Can A Presidential Election Be Postponed?

Can A Presidential Election Be Postponed

Elections are democratic processes in which the citizens of a state choose their leaders by voting. An election is a formal and organized choice by voting a person for a political office or any other position. According to the Cambridge Dictionary, it is a time when people vote to choose somebody for a political or an official job.

So, can a presidential election be postponed? 

There could be the postponement of elections when circumstances demand. However, the question is, can a presidential election be postponed? In the United States of America, the postponement of a presidential election is possible under the American Constitution. However, the stringent process makes it quite challenging to postpone a presidential election in practice.

Read further for more useful information!

What An Election Entails?

Elections are formal processes used in democratic governments to pick leaders and representatives. Polls are not only processes used in different executive levels of a democratic nation’s government from the presidential level to state and local government levels, but also in other arms of a government like a judiciary and a legislature.

Private associations, corporations, organizations, and unions also make use of elections to choose its leaders and representatives.

Electoral Processes

Electioneering processes differ from country to country, and the difference is mostly due to the difference in culture, norms, and practices or economic reality in these countries. However, the basic concept of elections is the same across these democracies.

There is usually a strict age restriction on eligible voters, not all of a country’s population can vote in the general elections. Non-citizens cannot also participate in the voting process, though in some parts of Europe, European Union Citizens can vote in some municipal regions outside their area of origin.

The electioneering process includes but is not limited to the electoral system, scheduling, nomination of candidates, campaigns, etc.

Electoral System

Every country, state, or organization has a particular procedure through which they hold elections. Electoral systems range from having an electoral umpire to oversee the organization and execution of elections, to the actual vote casting by constituents.

Electoral systems derive their authority from the Constitution of the democratic nation. It solidifies and authenticates the electoral process hence ensuring that votes cast turn to political decisions. In most countries, the electoral umpire decides the voting system used.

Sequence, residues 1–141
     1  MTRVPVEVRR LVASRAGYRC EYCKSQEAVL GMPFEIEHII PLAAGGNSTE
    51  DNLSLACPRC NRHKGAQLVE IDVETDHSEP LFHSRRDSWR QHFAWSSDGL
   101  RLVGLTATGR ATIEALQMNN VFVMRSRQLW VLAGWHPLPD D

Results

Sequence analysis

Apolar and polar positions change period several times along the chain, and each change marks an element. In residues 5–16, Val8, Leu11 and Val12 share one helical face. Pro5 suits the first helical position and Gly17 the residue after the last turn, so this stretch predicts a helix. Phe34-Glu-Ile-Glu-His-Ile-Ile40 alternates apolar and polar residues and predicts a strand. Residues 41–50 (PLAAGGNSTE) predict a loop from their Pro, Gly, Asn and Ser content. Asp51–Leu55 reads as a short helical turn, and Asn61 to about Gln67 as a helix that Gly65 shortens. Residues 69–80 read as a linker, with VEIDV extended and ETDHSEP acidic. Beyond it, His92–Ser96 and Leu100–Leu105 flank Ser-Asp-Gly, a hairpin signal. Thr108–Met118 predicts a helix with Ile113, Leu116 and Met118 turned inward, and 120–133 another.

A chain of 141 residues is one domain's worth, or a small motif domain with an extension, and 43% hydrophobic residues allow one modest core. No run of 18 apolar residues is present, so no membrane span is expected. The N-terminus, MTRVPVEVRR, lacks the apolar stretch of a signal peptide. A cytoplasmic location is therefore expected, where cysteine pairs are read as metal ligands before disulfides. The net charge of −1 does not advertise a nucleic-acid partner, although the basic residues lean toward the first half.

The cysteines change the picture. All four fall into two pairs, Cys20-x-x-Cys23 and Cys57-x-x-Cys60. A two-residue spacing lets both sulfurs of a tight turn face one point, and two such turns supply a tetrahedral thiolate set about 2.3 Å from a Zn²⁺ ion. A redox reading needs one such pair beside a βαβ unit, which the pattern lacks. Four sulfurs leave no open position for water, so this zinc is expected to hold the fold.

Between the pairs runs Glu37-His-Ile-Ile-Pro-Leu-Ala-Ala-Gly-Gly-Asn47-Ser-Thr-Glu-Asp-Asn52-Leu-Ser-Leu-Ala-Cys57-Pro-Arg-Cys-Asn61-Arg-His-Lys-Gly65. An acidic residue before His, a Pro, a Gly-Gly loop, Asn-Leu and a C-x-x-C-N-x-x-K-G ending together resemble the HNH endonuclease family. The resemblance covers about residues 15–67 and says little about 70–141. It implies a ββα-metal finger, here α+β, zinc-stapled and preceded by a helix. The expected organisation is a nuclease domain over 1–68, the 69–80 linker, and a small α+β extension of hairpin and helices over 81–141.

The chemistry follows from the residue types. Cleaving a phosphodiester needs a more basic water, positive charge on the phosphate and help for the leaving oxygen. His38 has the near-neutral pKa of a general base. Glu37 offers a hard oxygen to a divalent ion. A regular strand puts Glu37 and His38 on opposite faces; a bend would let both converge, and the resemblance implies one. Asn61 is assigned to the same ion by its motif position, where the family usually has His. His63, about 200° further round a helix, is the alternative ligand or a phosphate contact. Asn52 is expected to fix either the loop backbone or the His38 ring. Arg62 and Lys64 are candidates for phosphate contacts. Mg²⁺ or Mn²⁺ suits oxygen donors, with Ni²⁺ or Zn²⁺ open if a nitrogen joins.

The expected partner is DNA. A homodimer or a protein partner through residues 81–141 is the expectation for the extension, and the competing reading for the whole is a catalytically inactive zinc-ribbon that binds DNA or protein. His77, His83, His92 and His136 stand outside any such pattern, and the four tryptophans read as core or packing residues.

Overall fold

Scheduling

It is the duty of the Constitution-backed electoral arbitrators to decide, design, and publish the timetable for elections and ensure that all requirements and arrangements are in place to ensure prompt execution of the election schedule.

Democratic countries usually have a regular period in which they hold elections. It helps to eliminate dictatorship as there are a limited number of years a particular individual can hold a position or occupy an office.

In the United States of America, elections into positions and public offices have a varying number of years, according to the office. Presidential election holds every four years; the next presidential elections is to hold in November 2020.

State and federal public offices elections in the US typically have two years and six years interval, though judicial offices have longer intervals between elections. Different countries around the world have elections intervals of four, five, six, and even seven years for their presidential elections.

The scheduling of elections is pivotal to the success of every election. It gives the parties involved time to plan, strategize, nominate and select suitable candidates, campaign and mobilize supporters, and win potential voters.

It also gives the electoral arbitrator a timeline to formulate plans and work effectively for the smooth actualization of the election. The announcement of election creates an atmosphere of fairness for all parties involved in the electioneering process.

Nomination Of Candidates

Since countries that hold elections are democratic, and elections into public offices require the nomination of the most qualified candidates. These candidates will contest against each other, and the candidate with the most votes wins.

Democracies can have partisan and nonpartisan candidate nomination processes. Partisan candidate nomination process is within a political party; here, the nominators and nominee are members of the political party.

Nonpartisan setups involve the direct nomination of individuals who they deem as qualified for the offices that they seek to fill. Some democracies practice both partisan and nonpartisan election nomination styles. The United States of America practices a two-party system, and the two political parties are the Democratic Party and the Republican Party.

Campaigns